Keith Boykin, author of "One More River to Cross: Black & Gay in America," believes that times and society have changed drastically since he was young and questioning his sexuality. He agrees that it can be difficult growing up black and gay- but he also sheds positive light on the issue.

"Some people have said that being black and gay is like a double curse, but I see it as a double blessing," he says in an e-mail interview. "Being black already makes you unique. Being gay on top of that makes you more unique. It makes it easier for you to understand the experiences of other minorities."

Coming Out
Not all young people made it to that level. Some of them feel pulled in two directions because they are trying to be both black and gay.

Devonte, a 16-year-old bisexual Oakland native, is a good example. He says that he doesn't plan to come out until he gets out of the house in two years. He says "right now, I think that people won't be able to deal with a young black man being gay."

Perhaps Devonte feels that way because he hasn't fully accepted himself. He has the added challenge of questioning his gender as well. "There is a little lady in me who wants to come out," he says. And Devonte's non-acceptance is also what is keeping him from letting his parents know. "They probably know, but I haven't told them," he says.

But coming out is only half the battle. Shaune Freeman says that it hasn't always felt easy for him since he first came out to his grandparents, with whom he was living, when he was 15. They seemed to take the news okay, but Shaune noticed that their relationship changed and that they began watching his every move. When he came out to his mother she was very supportive and accepting of his decision, but she also told him that she thought it was a stage that he would soon get over.

Shaune came out to his friends when he was 17 in his English class. In a research paper that he did on homosexuality, he admitted that "it's hard being gay-- I know because I am gay," and then had to deal with shock from his classmates.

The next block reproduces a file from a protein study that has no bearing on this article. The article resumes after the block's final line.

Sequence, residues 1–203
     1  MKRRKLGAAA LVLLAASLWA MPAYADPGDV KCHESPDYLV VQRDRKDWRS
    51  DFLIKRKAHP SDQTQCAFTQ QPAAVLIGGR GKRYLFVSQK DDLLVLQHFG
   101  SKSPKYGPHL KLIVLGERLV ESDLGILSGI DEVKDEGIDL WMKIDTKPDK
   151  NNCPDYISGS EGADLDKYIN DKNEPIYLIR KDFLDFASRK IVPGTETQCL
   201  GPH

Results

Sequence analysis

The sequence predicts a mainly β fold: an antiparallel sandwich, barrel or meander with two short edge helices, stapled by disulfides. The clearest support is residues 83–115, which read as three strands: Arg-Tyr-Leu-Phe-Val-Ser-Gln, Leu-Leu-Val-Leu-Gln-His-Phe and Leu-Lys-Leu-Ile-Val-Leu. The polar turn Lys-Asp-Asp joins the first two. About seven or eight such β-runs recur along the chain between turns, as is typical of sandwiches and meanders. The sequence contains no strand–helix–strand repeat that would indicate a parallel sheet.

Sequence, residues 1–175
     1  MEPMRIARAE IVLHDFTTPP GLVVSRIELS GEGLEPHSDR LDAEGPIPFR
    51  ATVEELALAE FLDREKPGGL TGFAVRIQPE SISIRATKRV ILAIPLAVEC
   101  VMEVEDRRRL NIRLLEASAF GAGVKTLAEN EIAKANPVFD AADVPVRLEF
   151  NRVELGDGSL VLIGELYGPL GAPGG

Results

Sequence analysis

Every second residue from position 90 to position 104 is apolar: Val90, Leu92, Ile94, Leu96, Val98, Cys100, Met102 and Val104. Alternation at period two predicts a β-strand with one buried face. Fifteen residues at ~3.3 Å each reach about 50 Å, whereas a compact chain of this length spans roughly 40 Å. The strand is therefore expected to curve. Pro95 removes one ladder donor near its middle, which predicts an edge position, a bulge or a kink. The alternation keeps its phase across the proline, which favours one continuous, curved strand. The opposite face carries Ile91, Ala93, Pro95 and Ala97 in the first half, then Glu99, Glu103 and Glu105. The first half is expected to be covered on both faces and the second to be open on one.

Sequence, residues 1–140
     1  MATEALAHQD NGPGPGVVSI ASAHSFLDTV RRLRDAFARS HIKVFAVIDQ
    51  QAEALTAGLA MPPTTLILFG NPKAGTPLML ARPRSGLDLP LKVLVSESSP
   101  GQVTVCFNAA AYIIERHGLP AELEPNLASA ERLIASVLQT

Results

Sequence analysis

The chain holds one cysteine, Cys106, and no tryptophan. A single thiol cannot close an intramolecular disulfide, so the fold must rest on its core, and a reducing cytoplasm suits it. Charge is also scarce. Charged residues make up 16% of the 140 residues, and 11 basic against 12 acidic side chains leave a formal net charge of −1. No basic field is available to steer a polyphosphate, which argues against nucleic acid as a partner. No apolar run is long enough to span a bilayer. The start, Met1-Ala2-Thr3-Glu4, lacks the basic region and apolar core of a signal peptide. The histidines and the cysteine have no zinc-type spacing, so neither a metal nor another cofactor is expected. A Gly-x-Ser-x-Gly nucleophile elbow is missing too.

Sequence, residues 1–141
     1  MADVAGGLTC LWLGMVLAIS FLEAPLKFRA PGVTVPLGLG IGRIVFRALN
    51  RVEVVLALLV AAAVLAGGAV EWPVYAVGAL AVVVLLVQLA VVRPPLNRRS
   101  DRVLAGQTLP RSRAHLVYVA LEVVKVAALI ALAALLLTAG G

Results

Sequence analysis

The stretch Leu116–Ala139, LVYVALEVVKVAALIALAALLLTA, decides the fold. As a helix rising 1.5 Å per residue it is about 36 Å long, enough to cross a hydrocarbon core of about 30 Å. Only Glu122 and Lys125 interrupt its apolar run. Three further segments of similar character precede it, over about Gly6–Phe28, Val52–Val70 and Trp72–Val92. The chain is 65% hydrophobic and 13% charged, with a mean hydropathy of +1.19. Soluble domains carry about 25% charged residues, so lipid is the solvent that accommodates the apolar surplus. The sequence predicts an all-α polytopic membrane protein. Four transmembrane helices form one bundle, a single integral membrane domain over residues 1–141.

After graduating from high school, Shaune moved to New York for college. He went there to make a place for himself in the gay community and started working as a junior project associate at Gay Men of African Descent, where he educates others about HIV and AIDS prevention.

"I wanted some type of freedom. I wanted to really get to know myself. And just really go out there and see," he says.

In New York, Shaune didn't exactly find the acceptance he thought he would. Now he says he sometimes regrets leaving home. In school, he roomed with a straight black guy who found out that he was gay. Shaune's roommate told all of his friends, who then terrorized him. Shaune says that he was still expected to conform to the norms of young black men, meaning he was supposed to act, speak and dress in certain ways.








To hear more about what its like to a Lesbian, Gay Bisexual or Transgender (LGBT) young person of color today, check out these articles:


"I Need a Girl" --New Youth Connections

"Ma, I Like Girls" --Harlem Overheard

"To Be Gay and Young in LA: Coming Out Stories" --LA Weekly

Some additional places on the web to go:

-- The Lavendar Youth Recreation and Information Center (LYRIC)

-- National Youth Advocacy Coalition (NYAC)

--The Gay Straight Alliance Network

-- Sexuality Information and Education Council of the United States

-- The Hetrick-Martin Institute





"If I didn't have baggy pants on, dress thuggish, if I was very laid back, calm, conservative then [ I was] assumed to be gay. If [they] see a black man in fitted jeans or [if he] might talk standard English, even they question that guy," he says. "I think that people of color, especially in the urban community, think that if you're not urban- if you're not hip-hop, it's like 'what?' They want that edge." As a result, Shaune says that he tends to date guys who do fulfill the black stereotype. "I don't really like clean cut guys, I want that rough guy who's definitely aggressive and assertive," he says.

Gender Roles
In liberal cities like San Francisco, the gay community is so large and vocal that many black gay youth can find a place for themselves. It's in the black community where they face the most difficulty. Erica Brown, a 19-year-old lesbian, has been taught to believe certain things about men and women. "When you grow up, black people are taught to be strong, period-- men and women. It's one of those things that we have to have in order to survive," she says. "Men are supposed to be the forefront of the family-- the forefront of the community. You can't hold up a community if you can't hold up yourself."